Recipes > Ham & Eggs Benedict

Ham & Eggs Benedict


The classic eggs benny. Ham and eggs are topped with a rich, lemony Hollandaise sauce.
  • Serves: 4 to 8
  • Active Time: 45 mins
  • Total Time: 45 mins
  • Views: 47,275
  • Success Rating: 80% (?)
    0% - I fed it to the dog


Step 1: Poaching the Eggs

Poaching the Eggs
  • 8 large eggs
  • 2 tbsp white wine vinegar (see note)
  • 1 tsp kosher salt (see note)


To poach the eggs, follow the technique in the lesson on How to Poach Eggs.

Note: For every liter/quart of water used to poach the eggs, add 2 tbsp white vinegar or white wine vinegar and 1 tsp of kosher salt.

Poaching can be done in advance. See the “Related Videos” tab for more information.

Step 2: Preparing Your Mise en Place

Preparing Your Mise en Place
  • 8 slices back bacon
  • chives (optional)
  • 4 whole English muffins
  • unsalted butter


Using the tines of a fork, carefully pull the English muffins apart into two. Place onto a baking tray and lightly butter.

Gather the bacon and chop the chives. Set aside. Preheat your oven to broil.

Step 3: Making the Hollandaise Sauce

Making the Hollandaise Sauce
  • 2 large egg yolks
  • 2 tbsp cold water
  • 2 cups clarified butter
  • 1 to 2 tbsp lemon juice (or gastride) (or gastride)
  • kosher salt (to taste)
  • cayenne pepper (to taste)


Before making the sabayon, melt the clarified butter and keep it between 130-140 degrees Fahrenheit (55-60 degrees Celsius).

In a stainless-steel bowl, whisk the egg yolks and cold water together until they triple in volume.

Transfer the bowl over a bain marie that contains barely simmering water. Cook the sabayon, about 1 to 3 minutes, until it doubles in volume and you reach the ribbon stage. Once cooked, remove the sabayon from the heat and whisk for about 20 seconds to prevent the eggs from overcooking.

Discard the simmering water from the bain marie and place a damp cloth over the pot. Place the bowl with the sabayon over top. Make sure the butter is between 130-140 degrees Fahrenheit (55-60 degrees Celsius). While constantly whisking, add the butter to the sabayon in a steady stream. Add enough butter until you achieve a somewhat thick consistency. You will not need all of the butter, but it is better to have more on hand than too little.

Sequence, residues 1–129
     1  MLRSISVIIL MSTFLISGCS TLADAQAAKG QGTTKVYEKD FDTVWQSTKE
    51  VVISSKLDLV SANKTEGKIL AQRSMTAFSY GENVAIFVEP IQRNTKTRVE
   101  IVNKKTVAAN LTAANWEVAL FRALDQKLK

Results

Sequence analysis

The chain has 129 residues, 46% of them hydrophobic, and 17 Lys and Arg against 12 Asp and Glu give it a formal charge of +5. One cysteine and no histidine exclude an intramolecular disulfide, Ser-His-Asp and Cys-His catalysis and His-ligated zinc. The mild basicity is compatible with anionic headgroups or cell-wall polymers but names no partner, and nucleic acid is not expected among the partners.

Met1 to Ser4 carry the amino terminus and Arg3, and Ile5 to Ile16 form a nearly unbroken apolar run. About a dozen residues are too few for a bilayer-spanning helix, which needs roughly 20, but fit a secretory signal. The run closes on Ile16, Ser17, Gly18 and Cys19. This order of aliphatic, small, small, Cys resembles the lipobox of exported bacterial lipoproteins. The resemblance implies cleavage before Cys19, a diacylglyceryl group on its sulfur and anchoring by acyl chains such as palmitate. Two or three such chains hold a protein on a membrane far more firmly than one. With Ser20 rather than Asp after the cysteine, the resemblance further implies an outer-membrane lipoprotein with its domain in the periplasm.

Once done, add the lemon juice or gastride (see attached drill-down) to taste and adjust the consistency of the sauce, if needed. Season to taste with salt and cayenne pepper. Hold the hollandaise over the bain marie on the lowest setting.

Step 4: Assembling the Eggs Benny

Assembling the Eggs Benny


Toast the English muffins by placing them under the broiler. The ham can be placed on a separate tray and warmed under the broiler for a few minutes, if desired.

Once the English muffins are toasted, place a piece of ham over top, followed by a warmed, poached egg. Assemble 2 eggs on each plate (to serve 4) or 1 egg on each plate (to serve 8). Spoon the hollandaise sauce over top and sprinkle with chives, if desired. Serve immediately.


  • Jeff H
    Jeff H
    This was the first Rouxbe recipe in which I used all of the needed online cooking school lessons to complete. The sauce turned out perfect, the poached eggs lovely, and the whole dish impressive. If I could post a pic here, I would.
  • Dawn T
    Dawn T
    Wow, sounds like you did a great job Jeff. Congrats! As for posting a picture, which I would love to see, you could post to our Rouxbe Facebook page. Cheers!
  • Juan jesus R
    Juan jesus R
    Hi, I would like to know what is the smoke point of clarified butter compared with olive oil. In other hand are we able to use milk solids in other recipes? Rgds, JJ
  • Myles S
    Myles S
    These are approximate ° depending on the quality of the olive oil and fat solids in the butter and fat solids left in the clarified butter. Whole Butter - 350°F/175°C Olive Oil - Unrefined 320°F/160°C; Extra Virgin 406°F/208°C; Virgin 420°F/215°C;  Extra Light 468°F/242°C Clarified Butter - 475°F/245°C Hope this helps.
  • Juan jesus R
    Juan jesus R
    Thank you very much for you answer, it helps me a lot! Rgds, JJ
  • Dawn T
    Dawn T
    Here is a brief list of some Smoking Points of Oils, that you might also find helpful. Cheers!
  • Juan jesus R
    Juan jesus R
    Thank you very much Dawn for the link, very interesting! Rgds, JJ
  • Barb H
    Barb H
    Turned out great but had twice as much Hollandaise sauce as I needed. Will try cutting the sauce recipe in half next time.

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